It was a superb performance of the symphony – and gives Dausgaard, should he return to Scotland in March to conduct the Sixth Symphony as the orchestra management still expects, a tough act to follow. The orchestra was on stellar form for Paterson, from the crisp, sharp strings of the opening through to the anthemic finale with its complex, interweaving rhythms and high profile roles for timpanist, trombones and tuba, and five horns.

With vocal soloists Benjamin Appl and Elizabeth Watts side stage and barely visible from my prime seat, their slow movement contributions were a nicely understated contribution to the overall acoustic balance in an account that was every bit as “expansive” as the work’s title promises.

That description could also be applied to Fox’s concerto however, in which the orchestra has just as large a role as the soloist. Some 30 years in the writing, and taking its title from a Rilke poem, it is a big, bold, modernist piece demanding a huge variety of stylistic variation from the pianist. With brass and winds split across the stage and a particular layout of the string sections, it also keeps two percussionists busy, moving to tuned instruments in the second, softer-edged, more querulous section.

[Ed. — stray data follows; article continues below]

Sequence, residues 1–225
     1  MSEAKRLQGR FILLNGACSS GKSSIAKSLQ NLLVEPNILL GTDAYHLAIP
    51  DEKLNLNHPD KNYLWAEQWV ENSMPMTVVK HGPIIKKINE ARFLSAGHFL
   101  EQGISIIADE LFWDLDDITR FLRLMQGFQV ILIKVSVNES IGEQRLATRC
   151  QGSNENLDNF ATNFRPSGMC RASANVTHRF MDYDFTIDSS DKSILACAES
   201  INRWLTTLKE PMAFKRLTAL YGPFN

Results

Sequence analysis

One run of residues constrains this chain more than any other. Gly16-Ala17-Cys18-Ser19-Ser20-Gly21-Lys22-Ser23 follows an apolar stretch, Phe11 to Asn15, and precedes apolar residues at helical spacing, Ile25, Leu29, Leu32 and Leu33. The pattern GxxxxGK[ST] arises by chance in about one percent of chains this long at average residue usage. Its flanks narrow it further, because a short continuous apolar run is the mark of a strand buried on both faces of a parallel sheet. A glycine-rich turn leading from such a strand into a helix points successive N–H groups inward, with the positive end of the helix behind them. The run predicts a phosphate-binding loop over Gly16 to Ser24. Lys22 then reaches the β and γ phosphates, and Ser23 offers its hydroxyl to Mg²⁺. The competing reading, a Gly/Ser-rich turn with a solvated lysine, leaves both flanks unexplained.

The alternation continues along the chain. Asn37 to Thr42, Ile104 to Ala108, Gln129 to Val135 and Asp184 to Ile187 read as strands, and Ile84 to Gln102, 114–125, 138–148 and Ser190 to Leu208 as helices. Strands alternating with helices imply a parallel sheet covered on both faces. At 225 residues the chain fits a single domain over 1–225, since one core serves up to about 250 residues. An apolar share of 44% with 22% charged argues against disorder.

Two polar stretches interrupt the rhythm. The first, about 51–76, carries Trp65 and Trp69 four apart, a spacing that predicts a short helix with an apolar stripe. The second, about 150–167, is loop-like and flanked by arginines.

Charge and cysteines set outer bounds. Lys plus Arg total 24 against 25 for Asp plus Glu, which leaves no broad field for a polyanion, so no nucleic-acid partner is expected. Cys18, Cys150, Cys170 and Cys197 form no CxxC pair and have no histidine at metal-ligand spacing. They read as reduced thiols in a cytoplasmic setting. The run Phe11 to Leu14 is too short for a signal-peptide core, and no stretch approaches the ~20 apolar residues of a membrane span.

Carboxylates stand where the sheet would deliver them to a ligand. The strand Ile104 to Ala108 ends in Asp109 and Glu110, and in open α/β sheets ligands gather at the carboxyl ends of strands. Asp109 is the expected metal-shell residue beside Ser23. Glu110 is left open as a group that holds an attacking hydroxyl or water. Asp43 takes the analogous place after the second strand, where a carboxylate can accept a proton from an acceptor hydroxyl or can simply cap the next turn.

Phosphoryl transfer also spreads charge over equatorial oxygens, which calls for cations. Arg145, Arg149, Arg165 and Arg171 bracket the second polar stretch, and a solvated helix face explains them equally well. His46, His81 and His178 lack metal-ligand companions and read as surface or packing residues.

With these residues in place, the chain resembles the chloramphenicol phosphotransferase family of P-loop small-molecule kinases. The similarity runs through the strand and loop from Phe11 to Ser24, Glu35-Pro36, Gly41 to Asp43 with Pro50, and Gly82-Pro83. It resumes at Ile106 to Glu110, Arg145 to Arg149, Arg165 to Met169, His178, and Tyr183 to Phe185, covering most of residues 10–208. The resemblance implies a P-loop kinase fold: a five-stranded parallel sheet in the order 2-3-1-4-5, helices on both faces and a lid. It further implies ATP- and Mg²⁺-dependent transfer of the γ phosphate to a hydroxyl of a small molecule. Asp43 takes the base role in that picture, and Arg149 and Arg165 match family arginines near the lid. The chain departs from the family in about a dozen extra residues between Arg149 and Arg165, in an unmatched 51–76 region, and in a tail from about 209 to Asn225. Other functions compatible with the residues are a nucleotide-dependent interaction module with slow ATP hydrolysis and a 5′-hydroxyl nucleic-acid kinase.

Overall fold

Although it ends without the piano, there was a deserved ovation for Jacobson, whose patience has been well rewarded, as well as for the composer, who modestly took her bow from her seat in the hall.

Paterson used Fox’s prescribed string layout for the opening work, Bartok’s Divertimento, as well. With the musicians once again each having their own music stand, there was no loss of ensemble and real muscle in this performance from the off, the 50 players including a few top “extras” from outside the SSO payroll. The shifts in focus between the front desk quartet and the full string orchestra were expertly handled by Paterson, with leader Laura Samuel contributing fine folk fiddle to the finale.

Currently the only show in town for orchestral music fans, and with that overdue commission as part of a high colourful programme, there was an element of “fulfilling obligations” running as a thread through a concert that was altogether more exciting than that makes it sound. The current chief conductor of the BBC Scottish should, nonetheless, take note.

Keith Bruce